The effect of myelin loss and recovery in optic nerve lesions can be qualitatively measured by the latency delay of the VEP, 20,21,36 which reflects the reduction of conduction speed along neural fibers due to change from saltatory to continuous conduction 37 or increase in conduction speed, with the reversal of this process during remyelination. 38 Therefore, to investigate the possible effect of remyelination on the discrepancy in structure–function, the patients were subdivided into two groups based on longitudinal changes in latency asymmetry and the test–retest variability, reported previously. 23 Group 1 comprised patients who exhibited significant (exceeding test–retest variability) improvement in latency asymmetry during the follow-up period (latency recovery or remyelinating group), whereas group 2 included patients with poor (less than test–retest variability) or no recovery of latency asymmetry (latency nonrecovery or nonremyelinating group). Amplitude and RNFL changes were examined and compared between the groups to look for the possible effect of latency recovery on axonal loss and amplitude increase. There were 13 patients in group 1 and 9 in group 2. Amplitude in three cases was too low to determine latency at onset.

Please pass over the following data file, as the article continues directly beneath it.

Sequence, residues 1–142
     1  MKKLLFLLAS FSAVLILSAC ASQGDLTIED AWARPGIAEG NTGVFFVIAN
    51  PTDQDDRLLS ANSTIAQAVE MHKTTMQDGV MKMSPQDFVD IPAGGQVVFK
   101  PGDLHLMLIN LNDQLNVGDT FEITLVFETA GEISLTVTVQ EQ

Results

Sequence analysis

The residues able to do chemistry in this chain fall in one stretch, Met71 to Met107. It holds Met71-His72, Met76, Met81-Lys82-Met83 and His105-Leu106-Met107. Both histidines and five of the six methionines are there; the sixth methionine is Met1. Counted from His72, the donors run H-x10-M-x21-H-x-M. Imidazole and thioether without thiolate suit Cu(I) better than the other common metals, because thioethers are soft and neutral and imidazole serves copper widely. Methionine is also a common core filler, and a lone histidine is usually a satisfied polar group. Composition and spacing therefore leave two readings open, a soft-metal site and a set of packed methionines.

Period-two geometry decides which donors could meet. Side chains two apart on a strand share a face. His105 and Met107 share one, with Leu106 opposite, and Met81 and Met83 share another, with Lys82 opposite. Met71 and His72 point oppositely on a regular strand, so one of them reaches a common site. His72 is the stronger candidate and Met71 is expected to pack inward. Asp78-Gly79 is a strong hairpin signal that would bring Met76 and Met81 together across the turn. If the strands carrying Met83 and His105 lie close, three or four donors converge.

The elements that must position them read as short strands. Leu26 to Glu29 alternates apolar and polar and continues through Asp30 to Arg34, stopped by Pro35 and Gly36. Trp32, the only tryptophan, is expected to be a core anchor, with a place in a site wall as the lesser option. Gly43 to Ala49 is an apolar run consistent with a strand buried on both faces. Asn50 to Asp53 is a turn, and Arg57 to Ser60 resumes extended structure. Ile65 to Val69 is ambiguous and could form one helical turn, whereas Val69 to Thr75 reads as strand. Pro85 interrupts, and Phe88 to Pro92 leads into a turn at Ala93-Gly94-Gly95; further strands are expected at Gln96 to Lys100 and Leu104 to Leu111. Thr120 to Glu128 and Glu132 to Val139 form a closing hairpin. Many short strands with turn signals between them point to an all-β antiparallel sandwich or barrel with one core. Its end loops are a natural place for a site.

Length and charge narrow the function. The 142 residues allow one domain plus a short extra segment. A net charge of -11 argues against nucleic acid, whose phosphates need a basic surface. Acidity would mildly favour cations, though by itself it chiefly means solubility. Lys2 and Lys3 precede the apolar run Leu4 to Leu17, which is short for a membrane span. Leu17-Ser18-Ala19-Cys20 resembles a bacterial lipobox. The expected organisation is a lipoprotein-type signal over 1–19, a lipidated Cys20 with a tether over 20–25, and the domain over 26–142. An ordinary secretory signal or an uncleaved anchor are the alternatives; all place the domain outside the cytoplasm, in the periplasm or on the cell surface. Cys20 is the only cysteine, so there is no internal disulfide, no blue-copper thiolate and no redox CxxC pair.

Figures 6A and 6B demonstrate changes in mfVEP amplitude and RNFL thickness in both groups between 6 and 12 months. 
Figure 6.
 
Inter-eye asymmetry of (A) mfVEP amplitude and (B) RNFL thickness in the remyelinating and nonremyelinating groups at the 6- and 12-month visits. Bars, SD.
Figure 6.
 
Inter-eye asymmetry of (A) mfVEP amplitude and (B) RNFL thickness in the remyelinating and nonremyelinating groups at the 6- and 12-month visits. Bars, SD.
mfVEP Amplitude in the Latency Groups.
Two observations become apparent with respect to the amplitude. First, both groups demonstrated a similar tendency toward amplitude recovery (Fig. 6A). In both groups, changes between 6 and 12 months were statistically significant (amplitude asymmetry fell by 20.3% and 19.5%, P = 0.02 and 0.039 for the remyelinating and nonremyelinating groups respectively, paired Student's t-test). Second, the magnitude of amplitude asymmetry was greater in the nonremyelinating group at both time points (P = 0.047 and 0.062 for 6 and 12 months respectively, Student's t-test). 
RNFL Thickness in the Latency Groups.
Changes in RNFL thickness in the latency groups between 6 and 12 months are shown in Figure 6B. Both groups displayed similar tendencies of increasing RNFL asymmetry with time. Statistically significant increases were observed in both groups between the visits (RNFL asymmetry increased by 19.5% and 21.8% for the remyelinating and nonremyelinating groups, respectively, P = 0.019 and P = 0.025, paired Student's t-test). 
Although the difference in RNFL thickness between the two groups did not achieve statistical significance, the nonrecovery group showed, on average, a thinner RNFL in the affected eye than did the latency recovery group. 
Discussion
This study represents a first attempt to longitudinally examine the relationship between functional assessment of postsynaptic activity of the visual pathway at the level of the striate cortex (mfVEP amplitude) and structural measure of optic nerve integrity (RNFL thickness).